Connector Trends and Challenges in the Automotive Wire Harness Industry
Space and weight constraints, environmental regulations, and increasingly complex system requirements are inspiring new wire harness products and versatile interconnect alternatives.
Automotive wire harnesses come in thousands of varieties. Some modern vehicles contain close to 40 different harnesses, with up to 700 connectors and more than 3,000 wires. Additional variation is required for wire harnesses made for heavy-duty vehicles and equipment used in construction, agriculture, and other off-road environments.
In addition to keeping down weight, cost, and space while serving an ever-growing array of auxiliary components, harness makers for heavy-duty applications have unique challenges. Heavy-duty vehicles are subject to higher amounts of stress and strain than consumer vehicles and require extra-durable wiring and connectors. Regulations continue to change in the U.S. and worldwide. And as data and signal-driven applications grow more prevalent, their thin wiring — though beneficial for reduced weight — presents a challenge in terms of durability.
Top Challenge: Component Availability
It’s no surprise that product availability is the biggest issue faced by wire harness manufacturers today. Like so many other industries, wire harness makers are struggling with ongoing pandemic-related shortages and shipping bottlenecks, compounded by uncertainties stemming from world events.
The availability of connectors has eased somewhat since the early days of the pandemic but continues to be strained. “Connector manufacturers have had trouble getting the resins and other materials they needed from Asia,” says Tim Buhler, director of engineering services at Electrex, one of the nation’s premier manufacturers of wire harnesses for utility, construction, and agricultural vehicles. “And now there’s a concern about nickel prices, which could further cut into the availability of terminals, relays and other components.”
Increasing Acceptance of Connector Equivalents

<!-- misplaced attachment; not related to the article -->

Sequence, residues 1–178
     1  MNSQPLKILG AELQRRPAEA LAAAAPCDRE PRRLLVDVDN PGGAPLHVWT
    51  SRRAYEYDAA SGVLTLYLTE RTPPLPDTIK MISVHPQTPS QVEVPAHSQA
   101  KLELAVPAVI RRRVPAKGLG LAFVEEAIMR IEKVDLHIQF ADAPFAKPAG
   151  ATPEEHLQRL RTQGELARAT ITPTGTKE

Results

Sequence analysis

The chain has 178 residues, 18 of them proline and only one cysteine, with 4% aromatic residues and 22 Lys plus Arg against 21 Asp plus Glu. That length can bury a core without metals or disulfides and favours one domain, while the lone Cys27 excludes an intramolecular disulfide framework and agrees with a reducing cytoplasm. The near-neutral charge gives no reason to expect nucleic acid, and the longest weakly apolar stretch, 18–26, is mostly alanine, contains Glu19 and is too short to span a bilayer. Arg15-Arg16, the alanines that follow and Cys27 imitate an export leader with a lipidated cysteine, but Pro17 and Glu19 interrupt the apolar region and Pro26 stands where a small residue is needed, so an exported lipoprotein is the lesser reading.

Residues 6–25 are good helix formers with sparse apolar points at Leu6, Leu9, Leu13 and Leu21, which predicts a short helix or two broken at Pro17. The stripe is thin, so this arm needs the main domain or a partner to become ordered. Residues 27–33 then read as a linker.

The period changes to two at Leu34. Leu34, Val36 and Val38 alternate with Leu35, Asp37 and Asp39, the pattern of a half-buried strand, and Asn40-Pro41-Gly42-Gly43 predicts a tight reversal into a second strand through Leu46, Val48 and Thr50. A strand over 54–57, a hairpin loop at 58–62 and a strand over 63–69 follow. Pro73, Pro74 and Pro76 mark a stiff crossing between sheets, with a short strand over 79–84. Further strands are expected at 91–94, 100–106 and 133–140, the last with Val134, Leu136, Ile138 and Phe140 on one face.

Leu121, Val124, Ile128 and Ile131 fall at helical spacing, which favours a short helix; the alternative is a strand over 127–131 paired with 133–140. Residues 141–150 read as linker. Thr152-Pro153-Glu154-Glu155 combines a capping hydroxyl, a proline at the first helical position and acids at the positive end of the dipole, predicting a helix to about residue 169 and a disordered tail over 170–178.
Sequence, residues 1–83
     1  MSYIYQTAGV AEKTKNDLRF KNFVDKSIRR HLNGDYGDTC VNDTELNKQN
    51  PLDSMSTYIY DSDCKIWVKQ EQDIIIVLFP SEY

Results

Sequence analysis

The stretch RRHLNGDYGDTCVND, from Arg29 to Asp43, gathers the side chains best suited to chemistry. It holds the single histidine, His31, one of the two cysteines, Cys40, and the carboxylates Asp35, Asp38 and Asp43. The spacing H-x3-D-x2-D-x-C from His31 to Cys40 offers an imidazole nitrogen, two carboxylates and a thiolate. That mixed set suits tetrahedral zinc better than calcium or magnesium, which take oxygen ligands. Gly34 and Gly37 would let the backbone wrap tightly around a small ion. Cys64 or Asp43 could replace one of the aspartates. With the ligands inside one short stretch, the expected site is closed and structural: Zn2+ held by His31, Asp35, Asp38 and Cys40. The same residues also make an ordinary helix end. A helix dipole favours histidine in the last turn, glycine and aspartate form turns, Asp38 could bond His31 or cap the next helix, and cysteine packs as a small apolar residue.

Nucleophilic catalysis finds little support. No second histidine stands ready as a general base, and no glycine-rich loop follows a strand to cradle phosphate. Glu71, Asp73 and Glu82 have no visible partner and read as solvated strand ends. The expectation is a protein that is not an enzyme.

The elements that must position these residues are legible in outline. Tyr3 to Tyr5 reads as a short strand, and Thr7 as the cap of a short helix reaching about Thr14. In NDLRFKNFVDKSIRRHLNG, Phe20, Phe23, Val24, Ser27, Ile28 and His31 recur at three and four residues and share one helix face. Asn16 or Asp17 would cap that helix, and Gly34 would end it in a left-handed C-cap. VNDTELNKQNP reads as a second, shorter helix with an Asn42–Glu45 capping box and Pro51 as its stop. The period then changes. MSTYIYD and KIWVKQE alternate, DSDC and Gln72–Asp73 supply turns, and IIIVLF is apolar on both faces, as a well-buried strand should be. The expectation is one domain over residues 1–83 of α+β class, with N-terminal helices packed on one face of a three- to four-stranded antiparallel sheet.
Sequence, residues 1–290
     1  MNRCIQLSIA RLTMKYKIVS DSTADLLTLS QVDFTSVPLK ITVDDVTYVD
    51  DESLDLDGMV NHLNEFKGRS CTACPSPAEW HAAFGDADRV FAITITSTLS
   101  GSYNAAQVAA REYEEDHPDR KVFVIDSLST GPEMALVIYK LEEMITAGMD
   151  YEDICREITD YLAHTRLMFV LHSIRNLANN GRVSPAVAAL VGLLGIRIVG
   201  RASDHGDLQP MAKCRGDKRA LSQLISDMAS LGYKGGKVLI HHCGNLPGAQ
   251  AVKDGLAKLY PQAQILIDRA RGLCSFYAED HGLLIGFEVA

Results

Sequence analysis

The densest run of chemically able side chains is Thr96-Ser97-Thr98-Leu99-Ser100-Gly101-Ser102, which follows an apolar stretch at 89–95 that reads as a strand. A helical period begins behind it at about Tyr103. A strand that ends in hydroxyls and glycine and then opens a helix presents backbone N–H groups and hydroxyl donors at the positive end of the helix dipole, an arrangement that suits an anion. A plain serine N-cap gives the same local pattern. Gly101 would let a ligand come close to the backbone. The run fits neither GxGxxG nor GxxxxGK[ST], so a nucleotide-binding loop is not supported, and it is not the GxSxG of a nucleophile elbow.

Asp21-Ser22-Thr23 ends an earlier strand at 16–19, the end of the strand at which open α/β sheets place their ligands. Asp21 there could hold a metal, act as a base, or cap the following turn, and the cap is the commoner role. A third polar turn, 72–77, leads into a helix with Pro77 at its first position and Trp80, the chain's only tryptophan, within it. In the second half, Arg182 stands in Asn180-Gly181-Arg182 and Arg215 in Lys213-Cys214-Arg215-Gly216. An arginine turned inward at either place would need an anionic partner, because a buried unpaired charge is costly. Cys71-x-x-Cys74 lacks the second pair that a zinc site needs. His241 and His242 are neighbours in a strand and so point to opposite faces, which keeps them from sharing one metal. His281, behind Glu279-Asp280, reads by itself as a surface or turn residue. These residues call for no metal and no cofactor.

One thing that’s helped the connector squeeze is an accelerated market acceptance of replacements for in-demand connectors such as TE Connectivity’s DEUTSCH, Murrelectronik, and others. Popular replacements for DEUTSCH-type connectors, for example, include Amphenol’s A Series of connectors, which are fully compatible with their industry-standard counterparts.
“Proven equivalents have been out there for a while, but our customers were reluctant for us to use them,” explains Forrest Hett, supply chain director at Electrex. “Now, when the choice is to wait six months or find a replacement, our customers say get the replacement. No hesitation.”
The Decline of Pull-to-Seat Connectors and Soldering
Pull-to-seat connectors, once a mainstay of the industry, have been largely phased out in favor of push-to-seat connectors at companies like Electrex. “The thinking once was, pull-to-seat would be a reliable way to lock in your wire and terminal,” says Buhler. “The reality is, they’re difficult to use in harness manufacturing. You have to hand-crimp a lot of them — so you can’t use automation like Komax tooling — and they’re harder to field service than push-to seat connectors.”
Another change in wire harness manufacturing is the steady movement away from use of solder and tin-based components such as connectors with solder tabs. As regulatory bodies in the U.S. and many other countries have enacted tightened restrictions on lead-based materials, wire harness manufacturers have followed suit and are phasing out use of tin-plated terminals and components that require soldering.
Maintaining Wire Strength in Signal Applications
An ongoing challenge for wire harness manufacturers comes from industry pressure to reduce the size and weight of wiring. With the increasing use of data-driven applications and components in modern vehicles comes a corresponding expectation to use thinner-gauge, lighter-weight wiring in harnesses. Communication lines can run efficiently over wire as thin as 22 or even 26 gauge. However, this presents a problem for heavy-duty vehicles due to vibration concerns and the potential for wire breakage.
Electrex has asked several vendors to design their components using 18- or 20-gauge wire, even though signals can effectively travel through thinner wire. “We need stronger wire for the physical integrity of the system,” says Buhler. “Thicker wires also have better manufacturability — you can do things like sonic welding instead of a mechanical splice that creates a fatigue spot on the harness.”
Reliability and Flexibility in Product Sourcing
As mentioned previously, sourcing products in for wire harnesses is a challenge in today’s market. Many wire harness manufacturers have been turning to distributors who are able to provide more flexibility with order quantities and scheduling and frequently have alternative manufacturers’ parts to evaluate when product lead times don’t fit the production schedule. “A good distributor should be able to recommend and ship a wide array of connectors, including drop-in replacements for standard connectors that are becoming hard to find,” says Hett.
As wire harness manufacturers continue to adapt to changing market conditions and regulatory requirements, so will the connector marketplace. To see a full line of connectors, wire and electrical components used in heavy-duty vehicle wire harness manufacturing, visit the Waytek website.
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